Rights for Support The Girls were negotiated ahead of the film’s SXSW debut last spring. Said Slater: “They are the perfect partner for Andrew’s films. They get him and do a great job. Results had great theatrical and is still doing well on-demand and it received a Spirit Awards nomination. We have a chance to do similarly for this film. It was a no-brainer to go with them.”
Magnolia Pictures will open the title in select cities Friday including L.A.’s Nuart and Alamo Drafthouse in Brooklyn, NY.
John McEnroe: In The Realm of Perfection
Director: Julien Faraut
Subjects: John McEnroe, Ivan Lendl, Mathieu Amalric (narrator)
Oscilloscope caught Julien Faraut’s doc John McEnroe: In The Realm of Perfection at its Berlinale premiere in February. The company was attracted by its unconventionality using 16mm footage shot courtside by Gil de Kermadec in the early 1980s.
“Faraut constructs this very poetic cinematic essay about, in the most basic sense, tennis technique, and McEnroe is his main subject,” commented Oscilloscope’s Andrew Carlin. “While that may sound dull or academic, it’s not. It’s gonzo as hell. Throughout the film, Faraut employs Sonic Youth, Raging Bull clips, computer animation and somehow it all totally works. It’s truly unlike any sports doc ever made and it’s thrilling.”
Ranked the world’s top tennis player, McEnroe competes in the French Open at Paris’s Roland Garros Stadium in 1984. Close-ups and slow motion sequences of McEnroe competing, as well as instances of his notorious temper tantrums, highlight a ”man who played on the edge of his senses.” The documentary probes the archival film to unpack both McEnroe’s attention to the sport and the footage itself, creating a lively and immersive look at a driven athlete, a study on the sport of tennis and the human body and movement, and finally how these all intersect with cinema itself.
“Even if you watched McEnroe compete live in 1984, you definitely didn’t see it like this,” said Carlin. “In fact, much of the footage Faraut is working with has never been seen before — that grainy speck everyone remembers shouting inaudibly to the umpire at Roland Garros? We’re now literally on the court with him, listening to crystal clear audio of those interactions and finally have a deeper understanding of what the hell made him so frustrated. Tennis fans are going to gobble it up.”
Oscilloscope is running ads on the Tennis Channel and pushing the title in tennis publications in addition to mainstream newspapers. The company is also hoping positive reviews in The New York Times and Village Voice propel the title as it heads to theaters. Oscilloscope, not surprisingly, chose the start of the doc’s launch with the upcoming U.S. Open.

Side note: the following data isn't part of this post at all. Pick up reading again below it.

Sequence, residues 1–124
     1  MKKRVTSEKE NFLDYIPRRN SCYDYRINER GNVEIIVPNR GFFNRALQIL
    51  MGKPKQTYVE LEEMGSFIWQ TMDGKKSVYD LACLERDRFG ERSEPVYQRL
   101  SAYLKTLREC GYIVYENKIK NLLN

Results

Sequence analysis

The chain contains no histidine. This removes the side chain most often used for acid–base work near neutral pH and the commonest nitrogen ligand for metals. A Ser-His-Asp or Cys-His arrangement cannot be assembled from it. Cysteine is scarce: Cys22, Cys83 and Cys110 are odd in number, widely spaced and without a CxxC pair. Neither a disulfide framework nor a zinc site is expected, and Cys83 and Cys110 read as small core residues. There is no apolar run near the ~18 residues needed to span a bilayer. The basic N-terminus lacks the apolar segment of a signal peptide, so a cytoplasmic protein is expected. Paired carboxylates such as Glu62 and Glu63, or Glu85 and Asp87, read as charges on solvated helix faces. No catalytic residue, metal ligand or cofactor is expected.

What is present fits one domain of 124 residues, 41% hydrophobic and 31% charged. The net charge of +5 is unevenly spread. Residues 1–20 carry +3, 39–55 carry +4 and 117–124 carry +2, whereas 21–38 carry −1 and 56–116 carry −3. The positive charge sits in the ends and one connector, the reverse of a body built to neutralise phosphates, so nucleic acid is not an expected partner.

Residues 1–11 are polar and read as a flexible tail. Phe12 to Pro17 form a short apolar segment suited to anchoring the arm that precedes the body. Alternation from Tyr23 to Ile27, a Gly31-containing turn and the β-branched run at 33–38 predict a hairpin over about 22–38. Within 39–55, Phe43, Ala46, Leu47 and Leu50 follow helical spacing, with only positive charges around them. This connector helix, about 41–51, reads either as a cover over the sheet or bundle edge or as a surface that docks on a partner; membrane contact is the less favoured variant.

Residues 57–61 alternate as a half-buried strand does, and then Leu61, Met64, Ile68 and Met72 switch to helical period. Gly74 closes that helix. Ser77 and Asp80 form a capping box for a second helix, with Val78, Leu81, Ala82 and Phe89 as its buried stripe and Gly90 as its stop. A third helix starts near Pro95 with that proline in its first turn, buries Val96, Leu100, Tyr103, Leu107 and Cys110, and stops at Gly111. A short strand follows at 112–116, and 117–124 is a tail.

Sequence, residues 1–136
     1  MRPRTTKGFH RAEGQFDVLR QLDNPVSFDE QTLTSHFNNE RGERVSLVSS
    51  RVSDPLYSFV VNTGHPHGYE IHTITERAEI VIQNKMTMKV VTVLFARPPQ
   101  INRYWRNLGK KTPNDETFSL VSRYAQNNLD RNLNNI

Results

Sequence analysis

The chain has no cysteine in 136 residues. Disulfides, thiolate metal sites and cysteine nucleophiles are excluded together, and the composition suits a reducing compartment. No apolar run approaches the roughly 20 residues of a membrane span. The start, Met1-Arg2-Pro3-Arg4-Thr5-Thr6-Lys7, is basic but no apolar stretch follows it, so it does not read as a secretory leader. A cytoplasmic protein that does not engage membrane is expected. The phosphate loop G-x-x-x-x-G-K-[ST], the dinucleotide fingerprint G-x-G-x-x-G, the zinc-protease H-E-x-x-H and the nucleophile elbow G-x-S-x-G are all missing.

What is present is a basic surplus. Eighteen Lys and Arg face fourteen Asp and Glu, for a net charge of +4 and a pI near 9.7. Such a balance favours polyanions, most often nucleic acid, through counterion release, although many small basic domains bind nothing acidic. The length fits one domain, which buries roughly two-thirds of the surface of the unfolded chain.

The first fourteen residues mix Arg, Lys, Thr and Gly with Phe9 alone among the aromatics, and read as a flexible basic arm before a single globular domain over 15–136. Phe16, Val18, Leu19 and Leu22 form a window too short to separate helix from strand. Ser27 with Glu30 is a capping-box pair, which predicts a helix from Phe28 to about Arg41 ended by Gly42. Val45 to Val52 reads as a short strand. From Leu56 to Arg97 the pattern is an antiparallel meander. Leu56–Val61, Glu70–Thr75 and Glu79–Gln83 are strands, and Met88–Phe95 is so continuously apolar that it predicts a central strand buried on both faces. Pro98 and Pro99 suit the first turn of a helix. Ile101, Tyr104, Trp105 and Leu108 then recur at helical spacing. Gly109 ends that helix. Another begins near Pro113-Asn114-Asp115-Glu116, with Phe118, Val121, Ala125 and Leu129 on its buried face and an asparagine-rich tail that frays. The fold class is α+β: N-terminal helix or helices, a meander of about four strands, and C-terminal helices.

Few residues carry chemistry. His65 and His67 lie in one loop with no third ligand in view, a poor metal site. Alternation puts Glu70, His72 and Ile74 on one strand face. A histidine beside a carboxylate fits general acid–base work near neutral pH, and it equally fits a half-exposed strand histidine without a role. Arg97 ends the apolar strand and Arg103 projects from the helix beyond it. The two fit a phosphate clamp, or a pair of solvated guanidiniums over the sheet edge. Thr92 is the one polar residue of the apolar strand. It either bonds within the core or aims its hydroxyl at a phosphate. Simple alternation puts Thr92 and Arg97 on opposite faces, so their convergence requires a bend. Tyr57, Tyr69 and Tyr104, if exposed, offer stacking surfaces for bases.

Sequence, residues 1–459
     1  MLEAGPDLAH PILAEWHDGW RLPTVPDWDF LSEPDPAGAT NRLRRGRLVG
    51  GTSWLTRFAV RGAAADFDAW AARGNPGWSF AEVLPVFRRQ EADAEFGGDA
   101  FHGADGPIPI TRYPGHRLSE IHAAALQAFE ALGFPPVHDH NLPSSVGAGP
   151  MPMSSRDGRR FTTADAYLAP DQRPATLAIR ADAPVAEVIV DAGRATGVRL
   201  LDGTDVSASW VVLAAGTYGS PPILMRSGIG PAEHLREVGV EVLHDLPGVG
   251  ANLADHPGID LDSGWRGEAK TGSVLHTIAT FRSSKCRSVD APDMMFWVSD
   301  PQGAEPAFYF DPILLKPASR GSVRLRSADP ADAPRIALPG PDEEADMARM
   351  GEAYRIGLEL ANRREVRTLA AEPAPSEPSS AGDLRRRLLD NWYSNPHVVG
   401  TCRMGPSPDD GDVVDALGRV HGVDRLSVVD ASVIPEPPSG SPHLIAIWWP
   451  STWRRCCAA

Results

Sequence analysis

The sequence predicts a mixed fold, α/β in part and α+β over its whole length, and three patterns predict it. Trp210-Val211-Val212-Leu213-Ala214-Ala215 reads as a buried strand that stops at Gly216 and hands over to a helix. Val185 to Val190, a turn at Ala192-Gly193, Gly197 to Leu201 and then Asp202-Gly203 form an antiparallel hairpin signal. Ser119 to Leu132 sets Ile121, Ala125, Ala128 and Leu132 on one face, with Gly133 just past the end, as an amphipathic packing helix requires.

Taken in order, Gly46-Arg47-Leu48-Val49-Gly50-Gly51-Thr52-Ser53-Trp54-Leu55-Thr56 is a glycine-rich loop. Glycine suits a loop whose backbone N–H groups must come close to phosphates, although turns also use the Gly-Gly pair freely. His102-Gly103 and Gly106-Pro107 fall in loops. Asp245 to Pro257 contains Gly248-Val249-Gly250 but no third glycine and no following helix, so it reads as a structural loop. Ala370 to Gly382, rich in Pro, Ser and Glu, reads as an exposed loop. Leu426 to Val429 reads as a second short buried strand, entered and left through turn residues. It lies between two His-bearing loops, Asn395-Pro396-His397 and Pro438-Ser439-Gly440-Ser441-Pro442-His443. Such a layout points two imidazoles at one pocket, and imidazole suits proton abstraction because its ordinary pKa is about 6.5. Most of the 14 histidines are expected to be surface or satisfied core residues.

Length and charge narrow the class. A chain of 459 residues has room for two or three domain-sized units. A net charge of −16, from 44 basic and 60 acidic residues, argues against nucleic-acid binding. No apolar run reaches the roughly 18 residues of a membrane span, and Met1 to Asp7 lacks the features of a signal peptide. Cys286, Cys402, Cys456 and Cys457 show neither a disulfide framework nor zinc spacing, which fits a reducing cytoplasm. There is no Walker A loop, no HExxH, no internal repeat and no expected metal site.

John McEnroe: In The Realm of Perfection opened exclusively at Film Forum in New York on Wednesday. Oscilloscope will take it to the top 25 markets by August 31.
Director-writer: Isabel Coixet
Cast: Emily Mortimer, Bill Nighy, Patricia Clarkson
Distributor: Greenwich Entertainment
Greenwich Entertainment saw The Bookshop, based on the novel by Penelope Fitzgerald, at a distributor screening last fall in New York. The company was drawn to the period drama as well as the cast and story, according to Greewich’s Ed Arentz. “Happily, the execution delivered and we were able to secure the rights.”
Set in England in 1959, the film follows free-spirited widow Florence Green (Emily Mortimer), who risks everything to open a bookshop in a conservative East Anglian coastal town. While bringing about a surprising cultural awakening through works by Ray Bradbury and Vladimir Nabokov, she earns the polite but ruthless opposition of a local grand dame (Patricia Clarkson) and the support and affection of a reclusive book loving widower (Bill Nighy). As Florence’s obstacles amass and bear suspicious signs of a local power struggle, she is forced to ask: Is there a place for a bookshop in a town that may not want one?
“Late summer into September is traditionally a lean period in terms of number and quality of releases,” commented Arentz. “This is particularly the case in the older arthouse world where the onset of school is not a major distraction.”
Similar to other late summer roll outs, Greenwich Entertainment is targeting older adults, primarily women 55-plus for The Bookshop.
“Given the target audience we will have a traditional print presence abetted by NPR and social media,” noted Arentz. And given the film’s celebration of reading and independent bookstores, we are doing considerable outreach to independent booksellers and libraries, and they have proven very receptive displaying bookmarks and mini-posters while endorsing on their email lists and social media.”
Greenwich Entertainment begins The Bookshop’s theatrical roll out at three New York locations including AMC, Landmark 57 West and Cinemas 1,2,3 as well as exclusively in Los Angeles at The Landmark. The Bookshop will then head to 65 theaters in its second frame before reaching 100 locations by week three.